B4329 road

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brown moorland and forestry with distant views
Southern view from near the summit of the B4329
refer to caption
Stone beam bridge at Brynberian
single carriageway road heading downhill through farmland
Looking north from the moorland to Tafarn-y-Bwlch
sheep pasture with distant mountainous brown moorland
View east from near Brynberian
a reservoir surrounded by forest
Rosebush Reservoir

The B4329 is a scenic route and a former turnpike in Pembrokeshire, West Wales. It links Eglwyswrw and Haverfordwest in an approximately north–south direction , by crossing the Preseli Mountains. The road is 19 miles (31 km) long and varies in elevation from 100–404 metres (328–1,325 ft) above sea level. Much of the route is through farmland with scattered settlements with a section through high moorland grazing with extensive views.[1][2]

History[edit]

The road has been the main link between Eglwyswrw and Haverfordwest since mediaeval times, and was subsequently turnpiked. In Lewis's 1833 Topographical Dictionary of Wales[3] it is described as the "great road" linking Cardigan with Haverfordwest. While the A487 (Cardigan to Fishguard) and the A40 (Fishguard to Haverforwest) sections were later upgraded to trunk routes, the direct route was not, and was designated in the early 20th century road classification scheme as the B4329.

From the 1920s to 1935, the B4329 was a multiplex with the A487 and an unclassified road from Boncath but reverted to the original start point in Eglwyswrw. The unclassified road became the B4332.[4][5] Before that, when most journeys were made on foot, horseback or horse-drawn vehicle, travellers were provided for by inns along the route, such as those at Crosswell, Tufton, Greenway and Crundale.

Extensive views[edit]

From the high moorland, there are extensive views across much of Pembrokeshire with the Bristol Channel, St George's Channel and the Irish Sea beyond. On clear days there are views as far as the Gower Peninsula in the southeast, much of mid-Wales to the north as far as Snowdonia and the Llŷn Peninsula as well as across much of the Preseli range. It is also possible, atmospheric conditions permitting, to see the tops of mountains in Ireland over 100 miles away. The Preselis are noted for their many prehistoric sites, some of which are close to the B4329.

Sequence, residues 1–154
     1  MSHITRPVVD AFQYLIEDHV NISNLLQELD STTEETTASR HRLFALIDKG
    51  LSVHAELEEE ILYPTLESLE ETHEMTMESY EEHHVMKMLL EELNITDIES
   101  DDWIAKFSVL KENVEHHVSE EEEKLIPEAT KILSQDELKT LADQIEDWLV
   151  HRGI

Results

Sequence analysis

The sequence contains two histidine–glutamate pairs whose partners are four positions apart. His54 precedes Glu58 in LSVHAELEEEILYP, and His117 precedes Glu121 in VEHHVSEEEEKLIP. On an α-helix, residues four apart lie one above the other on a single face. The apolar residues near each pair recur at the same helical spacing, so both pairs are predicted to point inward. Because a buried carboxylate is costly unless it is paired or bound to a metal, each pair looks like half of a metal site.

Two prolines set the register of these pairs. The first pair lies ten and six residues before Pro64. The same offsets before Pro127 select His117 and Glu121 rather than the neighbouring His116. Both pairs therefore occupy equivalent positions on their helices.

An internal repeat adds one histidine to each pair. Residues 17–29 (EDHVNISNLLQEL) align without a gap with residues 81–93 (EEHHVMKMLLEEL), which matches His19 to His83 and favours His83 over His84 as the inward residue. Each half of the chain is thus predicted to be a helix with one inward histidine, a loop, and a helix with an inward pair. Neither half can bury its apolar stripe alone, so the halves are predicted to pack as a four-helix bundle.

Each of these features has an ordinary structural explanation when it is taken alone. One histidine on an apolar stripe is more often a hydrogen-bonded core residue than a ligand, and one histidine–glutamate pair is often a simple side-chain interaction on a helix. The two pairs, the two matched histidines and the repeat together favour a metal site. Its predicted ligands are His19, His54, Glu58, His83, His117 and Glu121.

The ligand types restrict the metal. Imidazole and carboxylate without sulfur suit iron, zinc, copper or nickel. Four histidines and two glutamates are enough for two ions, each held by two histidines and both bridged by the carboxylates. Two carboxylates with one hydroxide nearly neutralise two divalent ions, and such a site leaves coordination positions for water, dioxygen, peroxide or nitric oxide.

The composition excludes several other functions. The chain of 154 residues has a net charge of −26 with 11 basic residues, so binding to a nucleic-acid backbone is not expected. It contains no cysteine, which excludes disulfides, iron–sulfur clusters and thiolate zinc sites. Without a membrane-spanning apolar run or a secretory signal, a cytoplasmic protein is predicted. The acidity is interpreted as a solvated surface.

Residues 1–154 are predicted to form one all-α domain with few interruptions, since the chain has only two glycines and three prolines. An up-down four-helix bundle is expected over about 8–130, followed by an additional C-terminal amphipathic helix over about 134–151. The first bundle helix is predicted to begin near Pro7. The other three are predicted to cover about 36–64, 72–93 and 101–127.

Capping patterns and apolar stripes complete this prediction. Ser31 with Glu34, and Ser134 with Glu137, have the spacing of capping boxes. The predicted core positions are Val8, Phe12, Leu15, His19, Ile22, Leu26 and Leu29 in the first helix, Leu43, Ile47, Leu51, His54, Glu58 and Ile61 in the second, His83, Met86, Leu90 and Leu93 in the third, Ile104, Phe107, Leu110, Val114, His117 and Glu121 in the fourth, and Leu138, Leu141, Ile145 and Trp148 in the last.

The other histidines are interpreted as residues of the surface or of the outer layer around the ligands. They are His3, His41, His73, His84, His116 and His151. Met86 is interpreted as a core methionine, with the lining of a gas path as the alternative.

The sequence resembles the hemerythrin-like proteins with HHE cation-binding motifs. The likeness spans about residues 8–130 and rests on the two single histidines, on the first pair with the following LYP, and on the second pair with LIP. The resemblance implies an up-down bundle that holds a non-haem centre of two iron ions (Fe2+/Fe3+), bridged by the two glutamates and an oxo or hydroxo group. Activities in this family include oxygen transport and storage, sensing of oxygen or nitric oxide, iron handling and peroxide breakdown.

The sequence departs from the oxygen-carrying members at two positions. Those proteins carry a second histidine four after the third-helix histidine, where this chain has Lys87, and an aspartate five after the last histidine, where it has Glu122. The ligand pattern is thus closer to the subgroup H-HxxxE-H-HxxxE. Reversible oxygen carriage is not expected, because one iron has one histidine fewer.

Because of the steep inclines in the mountains, few heavy goods vehicles use the route, which is popular with tourists and bikers.[6] In winter, the highest parts of the road can occasionally be closed when ice or snow make driving conditions dangerous.[7]

Route[edit]

The Landsker Line (1901)

Branching from the A487, 12 mile (0.80 km) southwest of Eglwyswrw, the road drops down to cross the River Nevern by a single-lane stone bridge just north of the hamlet of Crosswell. The road enters the Pembrokeshire Coast National Park,[4] then climbs steadily through farmland, over a 400-year-old bridge crossing the Afon Brynberian, and past the hamlet of Brynberian with views of the mountains to the south and east.

The gradient increases until the road passes the site of Tafarn-y-Bwlch (approximate English: Tavern at the Pass), an inn which existed at least as early as 1729.[8] The road crosses a cattle grid marking a boundary between enclosed agricultural land and unenclosed moorland and continues to climb to 404 metres (1,325 ft) between Carn Lladron and Mynydd-du Commin.

Now the route crosses the imaginary Landsker Line marking the change from the largely Welsh place names of north Pembrokeshire to the largely English place names in the south of the county. After the summit, the road drops steeply by Bwlch Gwynt to another cattle grid and the intersection with the B4313 at Greenway, also known as New Inn, which in the 19th century sustained northbound travellers before "the arduous task of winding up the painful ascent of Bwlch Gwynt".[9]

After the crossroads, the road slopes more gently downwards past Rosebush reservoir and Henry's Moat, leaving the National Park just before passing through the hamlet of Tufton. The road passes close by Llys y Fran Country Park, through the village of Woodstock and past Scolton Manor, then through the hamlets of Bethlehem and Poyston Cross and Crundale in Rudbaxton parish. The section between Greenway and Woodstock is on the 345 bus route.[10]

South of Crundale, the road crosses the bridge at Stephen's Ford, then crosses the A40 Haverfordwest bypass on a roundabout and ends at another roundabout in the centre of Haverfordwest connecting with the A40 spur (Cartlet Road) and the A487.

See also[edit]

References[edit]

  1. ^ OS Landranger Map 145. Ordnance Survey. 2007. 
  2. ^ "Driving directions to Prendergast/B4329". Google Maps. Google. Retrieved 27 July 2014. 
  3. ^ "GENUKI: Meline". Retrieved 22 April 2015. 
  4. ^ a b "Sabre Roader's Digest: B4329". Retrieved 1 August 2014. 
  5. ^ "Dyfed Archaeological Trust - Eglwyswrw". Retrieved 1 August 2014. 
  6. ^ "Best Biking Roads - Eglwyswrw to Haverforwest". Retrieved 1 August 2014. 
  7. ^ "B4329 road open". Western Telegraph. 15 January 2010. Retrieved 31 May 2014. 
  8. ^ "Dyfed Archaeological Trust: Mynydd Preseli". Retrieved 19 November 2014. 
  9. ^ Fenton, Richard (1811). A historical tour through Pembrokeshire. Longman, Hurst, Rees, Orme &Co. p. 348. Retrieved 3 December 2014. 
  10. ^ "Traveline-Cymru" (PDF). Archived from the original (PDF) on 10 August 2014. Retrieved 1 August 2014. 

External links[edit]